Singular rights-based approaches and monocentric institutions will not solve water conflicts

A complex layer of rights, players and interests characterize water laws in the Philippines.

To the Last Drop: The Political Economy of Philippine Water Policy traced the dramatic changes in water laws in the Philippines, from the Marcos dictatorship to post-democratic transition: the inclusion of watershed, pollution and health concerns in policy; decentralization; openness to market solutions; state withdrawal from intervention to regulatory mode; more competition from private businesses in water sourcing and distribution; and adapting market benchmarks for the performance of water districts.

But University of the Philippines researchers Rosalie Hall, Joy Lizada, Maria Helen Dayo, Corazon Abansi, Myra David and Agnes Rola reasoned that not all of these created real change. While new government mandates added more agencies that had a say on water policy, inter-agency linkages were weak, resulting in incoherence. Decentralization also simply moved power and responsibilities from regional to local bodies and did not carry with it corresponding rights-transfer to local government units (LGUs) on water as resource. A survey conducted among roughly 300 water managers likewise showed a lack of consensus on the legal linkages between surface water and land use or forest, and how rights were seen more on customary, group or government bases rather than by formal instruments like licenses and permits. 

Five cases illustrated the politics that inevitably arise when property rights to surface water are not clearly defined.

In Bukidnon and Iloilo, the LGUs were able to use other powers — mobilizing users against a fee increase and preventing the water district from undertaking projects within its political jurisdiction — to upset water district operations. In Bukidnon, the water district also accused the LGU of illegal practice: putting up a rival water delivery service without a permit from the National Water Resources Board (NWRB). To date, the conflict had not been resolved.

In Baguio, the indigenous people fought the attempts of the local government to claim a watershed and together with this claim, an order to evict them from a forest reservation. The case was groundbreaking because, for the first time in Philippine history, the Supreme Court did not recognize an indigenous group’s communal rights and instead asserted the public rights to the watershed of the state through its agent, the LGU.

In Laguna, residents in one of the municipalities found irregularities in the execution of contracts with a private business firm that would generate revenue from and rehabilitate the town’s old water system. The contracts were done without prior public consultation. The NWRB suspended the processing of water permits in the municipality until a comprehensive study on the impact of the bulk water contract has been completed by the provincial office. In another town, small-scale mining activities were seen as threats to the structural integrity of an irrigation dam, thereby pitting the National Irrigation Administration against the local mining board.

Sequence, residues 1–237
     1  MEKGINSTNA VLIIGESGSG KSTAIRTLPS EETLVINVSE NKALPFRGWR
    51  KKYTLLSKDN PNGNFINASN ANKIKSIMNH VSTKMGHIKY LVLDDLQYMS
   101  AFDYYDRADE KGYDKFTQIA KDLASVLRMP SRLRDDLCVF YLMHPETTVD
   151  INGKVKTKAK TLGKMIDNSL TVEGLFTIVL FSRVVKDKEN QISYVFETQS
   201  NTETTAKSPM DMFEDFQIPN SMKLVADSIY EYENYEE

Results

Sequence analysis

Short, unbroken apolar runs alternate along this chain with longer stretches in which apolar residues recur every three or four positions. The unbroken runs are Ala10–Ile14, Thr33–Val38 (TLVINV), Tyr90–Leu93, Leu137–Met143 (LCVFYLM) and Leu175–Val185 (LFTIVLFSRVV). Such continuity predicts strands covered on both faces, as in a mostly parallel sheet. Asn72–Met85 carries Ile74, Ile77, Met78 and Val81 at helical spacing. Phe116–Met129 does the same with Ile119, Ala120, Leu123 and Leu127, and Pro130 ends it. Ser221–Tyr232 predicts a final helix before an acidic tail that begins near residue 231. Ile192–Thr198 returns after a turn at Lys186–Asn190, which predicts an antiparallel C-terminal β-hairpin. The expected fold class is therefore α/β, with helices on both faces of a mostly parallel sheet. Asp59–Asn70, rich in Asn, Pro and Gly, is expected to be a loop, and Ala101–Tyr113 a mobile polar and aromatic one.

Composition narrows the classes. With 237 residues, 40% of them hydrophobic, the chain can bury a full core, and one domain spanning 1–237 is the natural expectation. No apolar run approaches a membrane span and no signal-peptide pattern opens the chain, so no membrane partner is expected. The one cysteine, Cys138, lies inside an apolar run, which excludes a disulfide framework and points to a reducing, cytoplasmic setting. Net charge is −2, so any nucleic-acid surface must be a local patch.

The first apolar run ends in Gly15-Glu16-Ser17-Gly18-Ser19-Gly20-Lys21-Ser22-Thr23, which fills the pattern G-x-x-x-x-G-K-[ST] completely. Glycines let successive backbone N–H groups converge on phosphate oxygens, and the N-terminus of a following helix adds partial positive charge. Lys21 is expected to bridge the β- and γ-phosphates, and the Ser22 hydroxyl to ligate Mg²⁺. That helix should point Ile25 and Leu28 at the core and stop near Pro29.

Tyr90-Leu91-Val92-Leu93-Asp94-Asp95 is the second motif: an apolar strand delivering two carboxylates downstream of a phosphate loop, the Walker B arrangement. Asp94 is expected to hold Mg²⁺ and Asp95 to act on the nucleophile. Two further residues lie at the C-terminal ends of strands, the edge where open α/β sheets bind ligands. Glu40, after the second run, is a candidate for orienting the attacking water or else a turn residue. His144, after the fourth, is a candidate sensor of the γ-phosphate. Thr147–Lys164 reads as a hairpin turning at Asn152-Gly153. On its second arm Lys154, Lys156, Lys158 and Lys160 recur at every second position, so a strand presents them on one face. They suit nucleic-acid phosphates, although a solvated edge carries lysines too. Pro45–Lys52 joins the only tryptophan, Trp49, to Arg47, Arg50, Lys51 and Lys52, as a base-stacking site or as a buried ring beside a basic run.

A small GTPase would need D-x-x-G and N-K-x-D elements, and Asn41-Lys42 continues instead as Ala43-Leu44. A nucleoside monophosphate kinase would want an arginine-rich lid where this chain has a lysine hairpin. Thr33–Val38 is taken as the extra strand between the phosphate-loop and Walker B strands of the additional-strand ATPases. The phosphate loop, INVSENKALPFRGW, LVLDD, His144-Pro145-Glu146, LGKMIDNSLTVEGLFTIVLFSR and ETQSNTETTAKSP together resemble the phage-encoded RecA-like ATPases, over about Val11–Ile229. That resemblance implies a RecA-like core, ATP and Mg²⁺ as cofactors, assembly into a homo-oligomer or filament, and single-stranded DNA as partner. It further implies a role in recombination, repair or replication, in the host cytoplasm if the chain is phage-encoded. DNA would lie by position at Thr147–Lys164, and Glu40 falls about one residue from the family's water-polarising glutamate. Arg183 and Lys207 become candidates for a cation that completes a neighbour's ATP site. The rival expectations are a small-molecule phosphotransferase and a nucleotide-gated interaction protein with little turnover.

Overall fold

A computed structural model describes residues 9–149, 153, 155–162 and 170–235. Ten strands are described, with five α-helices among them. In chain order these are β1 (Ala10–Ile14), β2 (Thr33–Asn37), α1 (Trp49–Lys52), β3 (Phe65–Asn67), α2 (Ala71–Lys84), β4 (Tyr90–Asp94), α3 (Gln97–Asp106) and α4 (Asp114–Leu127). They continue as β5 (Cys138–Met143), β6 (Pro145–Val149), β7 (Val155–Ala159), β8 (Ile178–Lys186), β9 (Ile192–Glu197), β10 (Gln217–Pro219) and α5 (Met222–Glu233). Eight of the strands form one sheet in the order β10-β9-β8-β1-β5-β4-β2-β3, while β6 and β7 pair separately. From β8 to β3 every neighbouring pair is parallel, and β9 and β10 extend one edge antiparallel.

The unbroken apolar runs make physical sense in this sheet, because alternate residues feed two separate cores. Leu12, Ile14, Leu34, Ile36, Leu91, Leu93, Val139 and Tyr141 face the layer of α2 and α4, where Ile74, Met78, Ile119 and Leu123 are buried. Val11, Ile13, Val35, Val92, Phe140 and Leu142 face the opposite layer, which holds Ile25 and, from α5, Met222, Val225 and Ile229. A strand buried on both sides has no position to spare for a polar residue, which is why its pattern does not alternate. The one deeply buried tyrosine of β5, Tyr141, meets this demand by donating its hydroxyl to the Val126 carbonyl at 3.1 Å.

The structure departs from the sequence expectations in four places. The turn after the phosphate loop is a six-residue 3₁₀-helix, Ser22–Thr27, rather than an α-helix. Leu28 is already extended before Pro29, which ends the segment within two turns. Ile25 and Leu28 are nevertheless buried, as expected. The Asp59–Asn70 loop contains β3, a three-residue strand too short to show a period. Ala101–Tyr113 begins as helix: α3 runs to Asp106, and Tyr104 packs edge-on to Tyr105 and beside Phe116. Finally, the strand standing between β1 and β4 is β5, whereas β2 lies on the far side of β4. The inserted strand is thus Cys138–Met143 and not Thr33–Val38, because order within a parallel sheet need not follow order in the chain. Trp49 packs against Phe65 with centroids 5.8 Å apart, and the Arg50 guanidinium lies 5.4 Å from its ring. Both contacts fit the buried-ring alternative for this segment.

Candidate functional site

According to the researchers, these diverse contexts of water supply and local political environments point to the fact that there is no singular rights-based solution to water conflicts and that a one-size-fits-all and monocentric institution is impractical.

They further insisted that regardless of the “political flavor” of each local context, both state and private water provider have to master the skill of engaging communities and local governments in order to avoid or mitigate conflicts. Although policies for water use and provisioning have to meet the standards of effectiveness and acceptability, they are inevitably the results of political bargains and not necessarily based on optimal solutions.

They concluded: Analyzed in conjunction with the survey results, it is clear that rights have little import in the way conflicts are dealt with by water organizations [and that] pathways that involve localized social communication (dialogues, face-to-face meetings) within the LGU or its tribal equivalent allow for more flexibility and carry greater chance of acceptance.

Last year, the team held multi-sectoral discussions in Luzon and the Visayas to engage stakeholders of water management.

The paper, published in Water Policy, was produced from the Emerging Interdisciplinary Research program Towards Good Water Governance for Development: A Multi-Case Analysis which is being supported by the Office of the Vice President for Academic Affairs.